Area Forecast Discussion
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FXUS64 KLUB 240433

Area Forecast Discussion
National Weather Service Lubbock TX
1133 PM CDT Sun Apr 23 2017

Continued dry and VFR through the period. Upper level westerly
flow expected to increase later tonight and Monday with gradually
deepening of a surface low pressure trough. Winds expected to
become somewhat gusty from the south to southwest Monday along
with a return to very warm temperatures. Mostly thin high clouds
gradually increasing as well. RMcQueen


.PREV DISCUSSION... /issued 620 PM CDT Sun Apr 23 2017/

An upper level ridge axis overhead this evening will shift east
with increasing westerly flow aloft Monday. Surface low pressure
trough will gradually develop overnight maintaining modest 10 knot
or so southerly flow with VFR. Surface trough should edge a
little east into the Oklahoma and northern Texas Panhandles Monday
afternoon while deepening slightly, and leading to modestly gusty
southwesterly breezes. RMcQueen

PREV DISCUSSION... /issued 249 PM CDT Sun Apr 23 2017/

After a chilly start to the day we are in the midst of a terrific
afternoon with light winds, sunny skies and 19Z temperatures
climbing through the middle and upper 60s. The surface and upper
level ridge in place will quickly shift eastward allowing for a
return of southerly surface winds and zonal flow aloft over the
coming 24 hours. WAA and modest southerly breezes overnight will
yield milder conditions than we experienced last night with lows by
Monday morning primarily in the middle to upper 40s. Breezy
downsloping winds will follow and with near full insolation
temperatures will jump back well above average on Monday. By late
afternoon a weak dryline should form up near the edge of the
Caprock. Minimal moisture/instability combined with a firm cap will
keep PoPs nil. However the slightly improved moisture and backed
flow east of the dryline should keep highs in the upper 80s, while
west of the dryline many spots on the South Plains may make it up
into the lower 90s.

Models remain latched onto nearly zonal flow aloft Tuesday through
Thursday before amplification of the pattern occurs with a trough
moving into the intermountain West, closing into a low, then
lifting northeastward across the Plains. The period with the zonal
flow will see a pair of shortwave troughs moving through it, the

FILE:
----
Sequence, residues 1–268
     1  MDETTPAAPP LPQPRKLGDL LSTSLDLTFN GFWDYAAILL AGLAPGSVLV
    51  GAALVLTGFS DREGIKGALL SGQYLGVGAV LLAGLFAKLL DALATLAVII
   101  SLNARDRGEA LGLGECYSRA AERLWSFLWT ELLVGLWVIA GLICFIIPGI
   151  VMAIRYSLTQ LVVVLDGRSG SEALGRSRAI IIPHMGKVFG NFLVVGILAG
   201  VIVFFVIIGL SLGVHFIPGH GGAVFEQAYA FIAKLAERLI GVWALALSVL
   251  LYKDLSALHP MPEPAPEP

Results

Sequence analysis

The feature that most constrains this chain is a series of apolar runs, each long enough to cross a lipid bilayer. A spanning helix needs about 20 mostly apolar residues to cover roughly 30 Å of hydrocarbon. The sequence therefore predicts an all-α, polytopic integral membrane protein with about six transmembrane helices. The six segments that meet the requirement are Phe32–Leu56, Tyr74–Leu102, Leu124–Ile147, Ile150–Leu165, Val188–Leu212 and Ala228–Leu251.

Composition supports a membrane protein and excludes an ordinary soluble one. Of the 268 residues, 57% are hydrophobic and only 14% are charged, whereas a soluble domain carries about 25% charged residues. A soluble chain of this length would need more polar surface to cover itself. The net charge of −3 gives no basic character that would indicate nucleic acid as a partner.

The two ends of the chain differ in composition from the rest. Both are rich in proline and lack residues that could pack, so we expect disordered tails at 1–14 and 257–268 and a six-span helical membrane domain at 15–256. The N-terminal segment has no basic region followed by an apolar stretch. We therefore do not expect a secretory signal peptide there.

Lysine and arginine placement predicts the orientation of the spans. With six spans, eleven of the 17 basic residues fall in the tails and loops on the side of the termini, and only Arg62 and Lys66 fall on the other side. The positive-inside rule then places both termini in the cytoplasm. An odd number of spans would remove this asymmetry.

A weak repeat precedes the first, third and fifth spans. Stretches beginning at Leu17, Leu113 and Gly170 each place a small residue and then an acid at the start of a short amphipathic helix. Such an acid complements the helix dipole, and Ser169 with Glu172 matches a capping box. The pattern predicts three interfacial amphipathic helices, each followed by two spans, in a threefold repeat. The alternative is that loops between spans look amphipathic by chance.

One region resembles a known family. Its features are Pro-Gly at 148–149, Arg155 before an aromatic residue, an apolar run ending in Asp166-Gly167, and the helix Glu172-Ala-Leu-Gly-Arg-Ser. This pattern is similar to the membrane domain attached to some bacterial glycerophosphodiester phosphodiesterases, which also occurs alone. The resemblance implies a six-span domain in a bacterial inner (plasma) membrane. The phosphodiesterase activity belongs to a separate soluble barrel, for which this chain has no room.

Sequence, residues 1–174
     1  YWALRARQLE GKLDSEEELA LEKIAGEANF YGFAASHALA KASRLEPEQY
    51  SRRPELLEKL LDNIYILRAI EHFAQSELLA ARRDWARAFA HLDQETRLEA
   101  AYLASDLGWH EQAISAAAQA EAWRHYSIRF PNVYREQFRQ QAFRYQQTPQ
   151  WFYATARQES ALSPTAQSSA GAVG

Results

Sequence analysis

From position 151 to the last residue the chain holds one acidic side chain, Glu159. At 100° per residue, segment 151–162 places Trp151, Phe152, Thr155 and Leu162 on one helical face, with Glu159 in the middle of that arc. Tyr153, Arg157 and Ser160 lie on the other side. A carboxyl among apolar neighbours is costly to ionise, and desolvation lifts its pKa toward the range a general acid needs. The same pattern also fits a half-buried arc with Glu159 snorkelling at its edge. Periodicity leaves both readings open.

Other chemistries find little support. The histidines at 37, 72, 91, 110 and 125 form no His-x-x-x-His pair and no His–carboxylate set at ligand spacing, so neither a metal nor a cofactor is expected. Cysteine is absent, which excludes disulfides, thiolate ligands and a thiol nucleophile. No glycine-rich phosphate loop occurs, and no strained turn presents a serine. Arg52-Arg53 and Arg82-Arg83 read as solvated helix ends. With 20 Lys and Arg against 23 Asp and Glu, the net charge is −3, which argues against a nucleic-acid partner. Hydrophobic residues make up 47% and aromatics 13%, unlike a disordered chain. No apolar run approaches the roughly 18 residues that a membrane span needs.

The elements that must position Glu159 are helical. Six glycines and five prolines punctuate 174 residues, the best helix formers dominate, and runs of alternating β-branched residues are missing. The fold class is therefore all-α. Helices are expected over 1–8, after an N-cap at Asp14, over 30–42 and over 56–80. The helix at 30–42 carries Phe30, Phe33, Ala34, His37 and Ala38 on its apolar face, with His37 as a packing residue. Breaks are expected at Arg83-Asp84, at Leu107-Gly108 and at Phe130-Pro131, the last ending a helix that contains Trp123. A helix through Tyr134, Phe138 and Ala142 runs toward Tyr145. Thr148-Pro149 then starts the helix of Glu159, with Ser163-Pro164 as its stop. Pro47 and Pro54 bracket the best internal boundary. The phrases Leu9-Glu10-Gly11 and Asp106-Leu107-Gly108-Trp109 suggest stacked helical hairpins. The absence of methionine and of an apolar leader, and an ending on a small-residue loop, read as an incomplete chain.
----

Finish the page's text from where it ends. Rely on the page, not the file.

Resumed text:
first Tuesday night and the second on Thursday. Models continue to
produce some light QPF as far south as the northern zones. This
precip will be associated with elevated instability but into a
post-frontal air mass. This will not be too conducive to much rain
reaching the ground, but it`s also not out of the question. Given
the persistence of the models and the WRF-NAM joining the party,
we will introduce a sliver of slight chance PoPs across the
northern tier of the forecast area. At this point Thursday`s
trough looks even less likely to produce precipitation. In
between, the cold front will bring what is looking to be a better
quality cool air mass than expected a couple days ago with highs
dipping back below normal on Wednesday.

The latter part of the period will be focused on the developing
low to our west. The models continue to struggle to a degree but
seem to be coming toward a solution that closes the low near the
4-corners Friday night-ish then lifts it across the
central/northern Plains states Sunday. Questions persist about the
quality of low level moisture that will be available and how much
upper forcing/support there will be, so will in general keep rain
chances in the 20-30 percent range. Currently see a window for
precip Friday night with a developing warm conveyor belt
downstream from the developing low with another window Saturday
night as the low ejects over the Plains and a Pacific front moves
into the region.

Warm, dry and breezy conditions will develop across the Caprock,
behind a weak dryline, Monday afternoon. RH values will dip to at or
below 10 percent west of the dryline while southwesterly winds
increase to 15 to 20 mph. This will create a period of elevated fire
weather. However the recent robust greenup across the South Plains
region will tend to mitigate the overall fire danger.

Wind speeds Tuesday should be higher than Monday, likely
surpassing 20 mph at the 20-foot level. Cooler temperatures across
the northwest and higher dew points off the Caprock will leave the
southwestern third of the forecast area as the best chance of
reaching critical conditions, although as mentioned above, greenup
will tend to mitigate the danger.




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